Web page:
Skip to comments.Email: LOIS LERNER HARD DRIVE CRASH
Posted on 07/03/2014 11:07:16 PM PDT by SSS Two
From: Douglas, Akaisha
Sent: Monday, June 13, 2011 10:19 AM
To: Grant Joseph H; Medina Moises C; &TEGE:EO 1750 Penn Ees
CC: Cook Janine; Marks Nancy J; Livingston Catherine E; Ingram Sarah H; Flax Nicole C; Holland Tiwana M; Lemmons Terry L; Siereveld Brett L; Tesser Cheryl A
Subject: LOIS LERNER HARD DRIVE CRASH
Lois' hard drive has crashed on her computer and will be without email. If you need to contact Lois please call her at 202-283-8848. For immediate attention, contact Akaisha Douglas at 202-283-9488.
IRS, Exempt Organizations
[This email appears on page 24 of the linked .pdf]
I am a senior executive. If (and it has *never* happened) my hard drive crashed, this kind of broadcast email would never be sent. First of all, people who sent me emails would not be affected at all. They wouldn't need to know my hard drive crashed, and if they sent me emails, the server would accept them as usual. My IT guys would have a new PC up and running within a couple hours and I would be back in business. [In my organization, we are not to use our C: drives. I would not lose a single business-related computer file of any kind. I do have personal files on my C: drive like bank statements and documents related to when I refinanced a mortgage a couple years ago, but quite honestly, nothing would change for me if I lost those files.]
In those two hours or so it took the IT guys to set me up with a new PC, I would have access to my emails through multiple means. Again, no one would receive an email like this at all about my hard drive crashing. It also goes without saying that no mention of my email capability would be sent to anyone, either.
According to the IRS, current emails of IRS employees are received by the server. Ms. Lerner's email account would be able to receive emails even in the event of a hard drive crash. This notice -- particularly with its conspicuous mention of emails -- is extremely suspicious.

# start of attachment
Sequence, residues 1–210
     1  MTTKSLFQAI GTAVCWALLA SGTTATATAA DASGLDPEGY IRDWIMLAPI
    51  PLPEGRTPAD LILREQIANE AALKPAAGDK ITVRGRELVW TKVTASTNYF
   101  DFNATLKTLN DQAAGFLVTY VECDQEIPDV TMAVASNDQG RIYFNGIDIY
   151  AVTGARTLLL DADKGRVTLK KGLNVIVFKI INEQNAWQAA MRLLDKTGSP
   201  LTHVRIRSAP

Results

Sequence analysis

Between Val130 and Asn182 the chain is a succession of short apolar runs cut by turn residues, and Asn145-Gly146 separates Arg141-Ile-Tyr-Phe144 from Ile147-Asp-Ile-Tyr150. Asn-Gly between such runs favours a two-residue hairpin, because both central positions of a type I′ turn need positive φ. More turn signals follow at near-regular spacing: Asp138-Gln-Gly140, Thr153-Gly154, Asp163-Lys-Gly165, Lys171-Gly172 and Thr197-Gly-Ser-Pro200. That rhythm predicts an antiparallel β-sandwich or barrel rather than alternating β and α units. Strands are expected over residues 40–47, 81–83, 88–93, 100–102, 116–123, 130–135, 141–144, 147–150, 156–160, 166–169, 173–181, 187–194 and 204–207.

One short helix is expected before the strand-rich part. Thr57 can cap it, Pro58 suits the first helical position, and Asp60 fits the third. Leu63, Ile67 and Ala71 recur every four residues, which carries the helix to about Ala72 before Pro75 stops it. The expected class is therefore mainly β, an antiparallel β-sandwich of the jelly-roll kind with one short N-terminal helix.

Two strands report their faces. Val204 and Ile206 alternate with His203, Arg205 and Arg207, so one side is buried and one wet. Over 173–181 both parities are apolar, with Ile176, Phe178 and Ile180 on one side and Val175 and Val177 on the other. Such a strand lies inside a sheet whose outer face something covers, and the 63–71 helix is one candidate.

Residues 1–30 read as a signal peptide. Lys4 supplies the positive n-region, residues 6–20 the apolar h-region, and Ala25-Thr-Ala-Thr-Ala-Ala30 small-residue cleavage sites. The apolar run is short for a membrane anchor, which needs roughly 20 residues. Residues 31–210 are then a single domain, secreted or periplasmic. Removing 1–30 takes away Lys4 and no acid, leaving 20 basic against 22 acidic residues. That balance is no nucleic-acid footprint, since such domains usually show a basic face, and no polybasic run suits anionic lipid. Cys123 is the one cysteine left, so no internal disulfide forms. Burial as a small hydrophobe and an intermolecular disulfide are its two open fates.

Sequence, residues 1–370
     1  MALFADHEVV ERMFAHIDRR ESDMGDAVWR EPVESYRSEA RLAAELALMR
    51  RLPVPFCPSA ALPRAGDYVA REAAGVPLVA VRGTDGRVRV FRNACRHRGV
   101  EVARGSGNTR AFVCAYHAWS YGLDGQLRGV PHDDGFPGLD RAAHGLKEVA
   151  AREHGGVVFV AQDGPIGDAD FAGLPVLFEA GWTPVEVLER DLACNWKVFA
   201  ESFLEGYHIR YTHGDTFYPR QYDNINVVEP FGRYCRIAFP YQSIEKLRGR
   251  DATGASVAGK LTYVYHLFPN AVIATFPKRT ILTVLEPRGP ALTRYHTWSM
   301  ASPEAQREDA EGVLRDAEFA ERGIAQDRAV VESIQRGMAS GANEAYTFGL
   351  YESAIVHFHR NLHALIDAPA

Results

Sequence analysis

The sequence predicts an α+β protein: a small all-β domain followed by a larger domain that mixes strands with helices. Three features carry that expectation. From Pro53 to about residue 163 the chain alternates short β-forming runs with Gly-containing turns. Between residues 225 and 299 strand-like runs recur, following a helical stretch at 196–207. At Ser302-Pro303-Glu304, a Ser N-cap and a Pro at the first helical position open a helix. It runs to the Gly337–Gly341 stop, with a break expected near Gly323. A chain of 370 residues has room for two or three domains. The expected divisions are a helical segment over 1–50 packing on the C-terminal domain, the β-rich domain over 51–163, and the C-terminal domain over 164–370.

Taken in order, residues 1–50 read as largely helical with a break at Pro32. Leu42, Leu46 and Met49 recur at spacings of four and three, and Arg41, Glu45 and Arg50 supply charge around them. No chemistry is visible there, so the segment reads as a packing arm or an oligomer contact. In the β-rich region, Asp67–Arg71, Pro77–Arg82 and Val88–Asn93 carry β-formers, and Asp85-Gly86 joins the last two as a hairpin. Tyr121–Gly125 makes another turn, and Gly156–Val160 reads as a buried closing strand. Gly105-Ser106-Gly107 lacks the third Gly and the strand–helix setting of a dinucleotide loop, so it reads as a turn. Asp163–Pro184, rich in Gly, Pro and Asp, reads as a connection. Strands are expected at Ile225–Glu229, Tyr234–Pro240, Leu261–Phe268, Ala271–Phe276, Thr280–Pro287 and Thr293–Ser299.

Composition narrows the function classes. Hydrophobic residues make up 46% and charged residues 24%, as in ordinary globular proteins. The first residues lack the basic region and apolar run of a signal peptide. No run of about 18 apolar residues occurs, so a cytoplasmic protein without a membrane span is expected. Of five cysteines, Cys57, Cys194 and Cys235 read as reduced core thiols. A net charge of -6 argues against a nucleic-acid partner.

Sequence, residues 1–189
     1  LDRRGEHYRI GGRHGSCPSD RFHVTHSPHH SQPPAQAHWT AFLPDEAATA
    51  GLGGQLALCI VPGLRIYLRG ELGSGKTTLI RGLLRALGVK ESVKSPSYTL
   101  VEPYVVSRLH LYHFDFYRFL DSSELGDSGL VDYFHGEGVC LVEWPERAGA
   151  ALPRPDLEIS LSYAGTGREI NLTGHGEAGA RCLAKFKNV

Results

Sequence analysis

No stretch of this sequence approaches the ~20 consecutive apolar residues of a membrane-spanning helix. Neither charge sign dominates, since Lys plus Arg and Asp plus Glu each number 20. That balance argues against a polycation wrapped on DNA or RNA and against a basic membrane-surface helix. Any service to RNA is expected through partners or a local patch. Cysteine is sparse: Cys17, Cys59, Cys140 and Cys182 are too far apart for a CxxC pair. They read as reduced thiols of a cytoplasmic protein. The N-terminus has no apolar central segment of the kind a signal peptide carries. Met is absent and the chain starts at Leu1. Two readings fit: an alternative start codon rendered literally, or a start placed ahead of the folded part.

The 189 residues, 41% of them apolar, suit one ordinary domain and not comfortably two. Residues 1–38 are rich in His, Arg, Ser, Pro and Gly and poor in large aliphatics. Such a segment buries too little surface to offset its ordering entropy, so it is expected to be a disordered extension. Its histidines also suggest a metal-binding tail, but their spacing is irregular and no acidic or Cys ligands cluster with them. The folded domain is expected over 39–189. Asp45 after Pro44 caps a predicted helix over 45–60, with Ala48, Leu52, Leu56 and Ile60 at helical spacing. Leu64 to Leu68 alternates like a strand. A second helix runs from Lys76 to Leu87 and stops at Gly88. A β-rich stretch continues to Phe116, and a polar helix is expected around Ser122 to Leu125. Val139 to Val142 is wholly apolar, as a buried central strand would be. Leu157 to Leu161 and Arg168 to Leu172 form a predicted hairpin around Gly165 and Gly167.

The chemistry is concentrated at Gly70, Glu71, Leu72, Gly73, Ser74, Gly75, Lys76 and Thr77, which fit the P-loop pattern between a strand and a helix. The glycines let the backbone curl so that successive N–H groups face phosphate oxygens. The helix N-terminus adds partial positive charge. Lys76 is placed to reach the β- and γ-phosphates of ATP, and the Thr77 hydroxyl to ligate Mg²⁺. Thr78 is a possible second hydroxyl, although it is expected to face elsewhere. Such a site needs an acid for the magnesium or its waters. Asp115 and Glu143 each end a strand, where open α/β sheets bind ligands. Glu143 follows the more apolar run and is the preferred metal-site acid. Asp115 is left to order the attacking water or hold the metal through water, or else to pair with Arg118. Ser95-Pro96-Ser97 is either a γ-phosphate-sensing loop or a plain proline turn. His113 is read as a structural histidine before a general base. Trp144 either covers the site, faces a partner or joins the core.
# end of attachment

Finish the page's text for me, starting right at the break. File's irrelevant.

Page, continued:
I agree, this is extra fishy. Why would your hard drive crashing affect the email other than the record keeping if it saves to the hard drive. You can still presumably access your email from any computer with the internet.
I continue to contend the entire thing is a massive cover-up job, and Obastard is intimately involved.
What does your hard drive have to do with emails?
Presumably what’s on your hard drive is your work product (documents, spreadsheets, etc.).
Email system is something run by the IT department, assuming it’s her work email address.
This looks like a p*ss poor attempt to create a documented record of the hard drive crash and relate it to email for the uninformed.
This is almost comic how stupid they are. This should be right up there with Bush one being surprised at a bar code checkout.
Nobody, would send out an email, to someone’s entire email list, saying I cannot be contacted by email because my computer crashed. Who in their right mind associates a computer crashing with, “I can no longer check my email from anywhere else”?
As the hip hop culture says,,,”bitch please,,”
But believers in Obama are buying it, because it is the best excuse they have to sell.
FWIW, as an IT guy, I can say that “her hard drive crashed” is meant to mean “her computer is unavailable”, and therefore “will be without email” means she only gets her emails through her own PC (though we now know this is false, since she had a Blackberry), and wouldn’t be able to read or respond to emails until her PC is back up.
Many of the executives I supported cared *only* about access to their email. Without it, many would at least claim they couldn’t work at all. Since Lerner was the head of the agency, she’s not likely to have much to do other than communicating with other management within the agency, and so access to her email is the only real issue with her PC crash.